Plans to create a dedicated independent advisor to work on behalf of families bereaved in major disasters are to be put forward by an MP.
Maria Eagle, who campaigned with the Hillsborough families for more than 30 years, is due to introduce the Public Advocate Bill in Parliament next week.
It would create a top-level advisor to support families and liaise with officials such as coroners and lawyers.
Ms Eagle said the Hillsborough families had "been through hell".
The former justice minister worked with some of the families, who lost relatives in the 1989 football stadium disaster, as part of her work as a solicitor in Liverpool and later as a Labour MP in the city.
She said such disasters can leave families "without a voice" and "feeling like they are themselves on trial".
The public advocate would work with staff to represent the interests of the bereaved, and would have full access to confidential documents, without needing to apply to the police or Home Office, Ms Eagle said.
If enacted, the MP said the bill would establish a "lasting legacy" for the Hillsborough families.
While it remains unclear how Parliament will sit next week as the coronavirus lockdown continues, the bill is due to have its first reading on 22 April after Prime Minister's Questions.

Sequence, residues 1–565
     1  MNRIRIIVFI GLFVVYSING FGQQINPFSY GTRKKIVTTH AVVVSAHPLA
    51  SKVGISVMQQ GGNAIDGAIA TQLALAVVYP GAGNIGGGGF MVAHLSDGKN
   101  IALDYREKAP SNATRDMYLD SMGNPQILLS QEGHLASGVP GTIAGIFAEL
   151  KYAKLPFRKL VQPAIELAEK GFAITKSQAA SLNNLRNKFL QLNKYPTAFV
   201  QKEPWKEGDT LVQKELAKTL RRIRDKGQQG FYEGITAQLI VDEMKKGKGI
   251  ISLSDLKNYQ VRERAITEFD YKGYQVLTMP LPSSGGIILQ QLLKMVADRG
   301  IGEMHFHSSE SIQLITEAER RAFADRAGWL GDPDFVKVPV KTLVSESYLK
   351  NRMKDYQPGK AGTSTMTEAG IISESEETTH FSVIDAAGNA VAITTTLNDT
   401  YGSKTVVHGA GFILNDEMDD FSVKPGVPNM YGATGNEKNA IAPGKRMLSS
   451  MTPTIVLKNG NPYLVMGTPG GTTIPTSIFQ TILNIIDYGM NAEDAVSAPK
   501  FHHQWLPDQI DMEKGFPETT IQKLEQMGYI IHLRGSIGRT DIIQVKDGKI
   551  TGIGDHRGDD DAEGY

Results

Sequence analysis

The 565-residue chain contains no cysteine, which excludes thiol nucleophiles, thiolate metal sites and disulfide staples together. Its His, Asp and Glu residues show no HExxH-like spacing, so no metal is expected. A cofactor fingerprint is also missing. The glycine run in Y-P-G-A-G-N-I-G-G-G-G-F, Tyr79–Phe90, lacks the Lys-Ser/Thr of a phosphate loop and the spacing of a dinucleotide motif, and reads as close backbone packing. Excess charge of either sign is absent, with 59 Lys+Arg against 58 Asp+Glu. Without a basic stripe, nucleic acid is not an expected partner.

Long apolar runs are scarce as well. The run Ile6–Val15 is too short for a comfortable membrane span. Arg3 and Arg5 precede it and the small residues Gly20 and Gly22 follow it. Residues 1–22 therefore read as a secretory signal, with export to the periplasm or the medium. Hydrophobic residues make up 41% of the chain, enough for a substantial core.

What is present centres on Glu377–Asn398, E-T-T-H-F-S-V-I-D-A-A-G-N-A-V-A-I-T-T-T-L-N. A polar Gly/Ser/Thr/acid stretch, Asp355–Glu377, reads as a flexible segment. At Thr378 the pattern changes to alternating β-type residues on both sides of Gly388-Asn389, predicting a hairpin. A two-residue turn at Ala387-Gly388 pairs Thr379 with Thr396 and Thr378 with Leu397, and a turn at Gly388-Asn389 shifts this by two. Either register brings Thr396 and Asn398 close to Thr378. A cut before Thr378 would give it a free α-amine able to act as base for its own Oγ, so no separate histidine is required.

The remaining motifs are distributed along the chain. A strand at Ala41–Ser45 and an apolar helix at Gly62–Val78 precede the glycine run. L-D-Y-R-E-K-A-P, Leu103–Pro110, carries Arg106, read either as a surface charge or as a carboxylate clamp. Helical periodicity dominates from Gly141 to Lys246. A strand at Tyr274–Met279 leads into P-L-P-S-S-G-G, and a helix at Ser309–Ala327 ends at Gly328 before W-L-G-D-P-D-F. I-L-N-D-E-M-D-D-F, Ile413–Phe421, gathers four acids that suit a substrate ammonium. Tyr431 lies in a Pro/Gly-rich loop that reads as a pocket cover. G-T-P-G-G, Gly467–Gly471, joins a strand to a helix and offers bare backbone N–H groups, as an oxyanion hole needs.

It was previously introduced in 2015 and again in July 2019, but did not progress under past governments.
The bill has been supported by the Hillsborough families and those affected by other atrocities including the 1988 Lockerbie plane bombing.
Liverpool FC and the Hillsborough families earlier held a minute's silence to mark the 31st anniversary of the disaster.
A full and final memorial service had been planned but was postponed due to the coronavirus outbreak.
Ms Eagle said: "The planned final memorial service at Anfield had to be postponed but that day provided yet another sombre time to reflect about the loss the Hillsborough families have endured and the horrific three decades long battle they have had to wage."